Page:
“It’s an all-hands-on-deck situation,” Bellone said. “There’s no part of this government that’s not involved in this operation or response. It’s like calling in the reserves. People will need to step up.”

Meanwhile, Stony Brook University Hospital said in a release it currently had enough personal protective equipment to meet the needs of every staff member coming into contact with a suspected or confirmed case of Covid-19.

The hospital is working to find additional supplies. Hospital officials expect supplies of personal protective equipment to become strained as the pandemic evolves and is reviewing alternative practices to protect the staff.

Cold Spring Harbor Laboratory canceled or postponed all programs that invite visitors to campus. The research center has also restricted education, research and administrative operations.

Employees are required to work remotely or adjust their schedules if they support mission-critical research or facilities, to lower the number of people on site. The lab expects the restrictions to last for at least the next month.

The DNA Learning Center has canceled education programs starting March 16 for middle and high school programs on Long Island, Brooklyn, Manhattan and Westchester County. Public programming including campus tours, lectures and concerts have also been canceled since March 8.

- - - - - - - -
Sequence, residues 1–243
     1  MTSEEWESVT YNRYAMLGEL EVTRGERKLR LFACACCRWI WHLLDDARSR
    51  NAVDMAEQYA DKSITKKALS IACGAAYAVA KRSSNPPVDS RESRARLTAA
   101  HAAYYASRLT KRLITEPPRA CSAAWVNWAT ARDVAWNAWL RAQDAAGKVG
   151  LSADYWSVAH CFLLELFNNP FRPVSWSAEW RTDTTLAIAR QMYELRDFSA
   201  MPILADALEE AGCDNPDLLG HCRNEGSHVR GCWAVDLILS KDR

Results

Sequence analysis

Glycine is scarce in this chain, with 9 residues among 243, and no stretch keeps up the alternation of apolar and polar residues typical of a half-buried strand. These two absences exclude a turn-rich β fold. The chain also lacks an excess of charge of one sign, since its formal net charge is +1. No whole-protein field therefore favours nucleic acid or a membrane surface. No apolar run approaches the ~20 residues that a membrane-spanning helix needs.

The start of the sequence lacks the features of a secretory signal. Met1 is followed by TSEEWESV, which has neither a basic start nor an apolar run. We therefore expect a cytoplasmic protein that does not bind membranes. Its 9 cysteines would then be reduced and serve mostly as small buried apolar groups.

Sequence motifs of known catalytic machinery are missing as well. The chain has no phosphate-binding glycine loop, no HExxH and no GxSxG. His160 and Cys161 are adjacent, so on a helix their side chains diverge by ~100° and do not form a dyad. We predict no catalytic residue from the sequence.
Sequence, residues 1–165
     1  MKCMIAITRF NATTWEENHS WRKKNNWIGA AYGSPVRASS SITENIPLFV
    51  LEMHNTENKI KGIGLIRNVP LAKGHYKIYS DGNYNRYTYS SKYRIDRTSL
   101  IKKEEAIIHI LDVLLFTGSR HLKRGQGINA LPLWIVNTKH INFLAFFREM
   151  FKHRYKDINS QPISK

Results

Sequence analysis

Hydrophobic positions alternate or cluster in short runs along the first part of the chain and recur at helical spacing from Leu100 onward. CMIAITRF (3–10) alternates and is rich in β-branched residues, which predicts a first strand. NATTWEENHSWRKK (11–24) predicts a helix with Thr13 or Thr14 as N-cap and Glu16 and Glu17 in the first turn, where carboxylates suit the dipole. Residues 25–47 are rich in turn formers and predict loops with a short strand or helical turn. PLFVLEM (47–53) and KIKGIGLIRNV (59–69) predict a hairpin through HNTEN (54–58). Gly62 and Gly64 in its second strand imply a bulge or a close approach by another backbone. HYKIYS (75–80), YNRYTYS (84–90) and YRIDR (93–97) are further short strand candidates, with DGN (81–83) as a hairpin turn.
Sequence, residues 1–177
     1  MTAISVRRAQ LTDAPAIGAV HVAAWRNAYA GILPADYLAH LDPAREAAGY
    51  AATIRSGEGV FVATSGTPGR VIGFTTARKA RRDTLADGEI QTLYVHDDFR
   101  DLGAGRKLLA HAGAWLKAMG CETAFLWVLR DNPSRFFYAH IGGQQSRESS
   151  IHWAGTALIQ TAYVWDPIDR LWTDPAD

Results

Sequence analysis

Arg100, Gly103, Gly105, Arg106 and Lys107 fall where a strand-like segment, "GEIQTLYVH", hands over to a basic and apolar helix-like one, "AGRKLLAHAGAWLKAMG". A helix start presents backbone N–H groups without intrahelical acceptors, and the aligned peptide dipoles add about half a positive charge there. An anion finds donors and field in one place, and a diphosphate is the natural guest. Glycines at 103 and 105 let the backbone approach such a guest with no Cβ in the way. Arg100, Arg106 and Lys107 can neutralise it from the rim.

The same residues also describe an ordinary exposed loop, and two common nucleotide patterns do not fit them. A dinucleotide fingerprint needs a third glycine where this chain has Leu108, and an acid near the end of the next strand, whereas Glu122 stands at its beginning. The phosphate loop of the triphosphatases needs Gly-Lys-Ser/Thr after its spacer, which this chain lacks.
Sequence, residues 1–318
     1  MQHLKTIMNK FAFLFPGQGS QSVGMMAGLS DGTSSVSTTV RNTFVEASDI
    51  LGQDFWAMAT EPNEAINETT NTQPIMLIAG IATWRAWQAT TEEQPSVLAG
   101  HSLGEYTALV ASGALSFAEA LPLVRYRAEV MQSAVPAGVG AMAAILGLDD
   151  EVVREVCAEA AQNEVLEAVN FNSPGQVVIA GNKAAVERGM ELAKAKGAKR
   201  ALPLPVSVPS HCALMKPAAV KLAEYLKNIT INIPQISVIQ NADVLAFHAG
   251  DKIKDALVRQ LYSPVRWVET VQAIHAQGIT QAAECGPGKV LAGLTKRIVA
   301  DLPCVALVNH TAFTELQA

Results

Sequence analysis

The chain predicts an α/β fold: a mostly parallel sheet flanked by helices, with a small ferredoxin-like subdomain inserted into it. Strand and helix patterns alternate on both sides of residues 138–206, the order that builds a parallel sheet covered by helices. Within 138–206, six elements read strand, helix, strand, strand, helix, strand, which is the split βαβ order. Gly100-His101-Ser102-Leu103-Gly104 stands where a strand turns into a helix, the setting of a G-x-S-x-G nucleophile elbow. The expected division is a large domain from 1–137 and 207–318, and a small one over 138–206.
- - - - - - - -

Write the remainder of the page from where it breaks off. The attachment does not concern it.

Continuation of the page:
First responders from SCPD and Terryville FD helped deliver a baby at a Port Jefferson Station home. Photo by Dennis Whittam

By Anthony Petriello

A miracle occurred in the early morning hours Aug. 9 as first responders helped deliver a baby girl at a Port Jefferson Station home. Sixth Precinct Officers Jon-Erik Negron, Brian Cann and Karl Allison responded to a 911 call on Lisa Lane. Upon arrival, they found a full term expectant mother, Keri Fort, in active labor and in need of assistance.

“The Suffolk County PD was the first to get to my house and got us all calmed down-it was kind of a crazy scene as you might imagine,” Fort said in a Facebook message. “They were a perfectly well-oiled machine with little talking to each other. They all knew what to do without a word, concentrating on me and telling me what to do next. My mother dialed 911 at 2:20 a.m. and sweet little Stella was born at 2:44 a.m.”

According to police, Fort’s water had broken already when they arrived, and her contractions were approximately five minutes apart. Shortly after, Terryville Fire Department paramedics Kevin Bader, Gina Brett, and Chris Meyers arrived on the scene to assist and take control of the situation.

“It was a collaborative effort,” Cann said.

Working together, officers and paramedics were able to deliver the baby girl, named Stella Blue Fort, in the residence at approximately 2:44 a.m., and transfer the mother and baby girl to the St. Charles Hospital Labor and Delivery unit by ambulance in good health. Fort and her daughter have since been released from the hospital and returned home.

This is not the first time Negron has had to spring into action to help bring a baby into the world while on duty. Last August, Negron helped save a newborn in Mount Sinai after a mother gave birth unexpectedly at home, and the baby’s umbilical cord was wrapped around his neck. In June, Negron was named the baby’s godfather by the parents.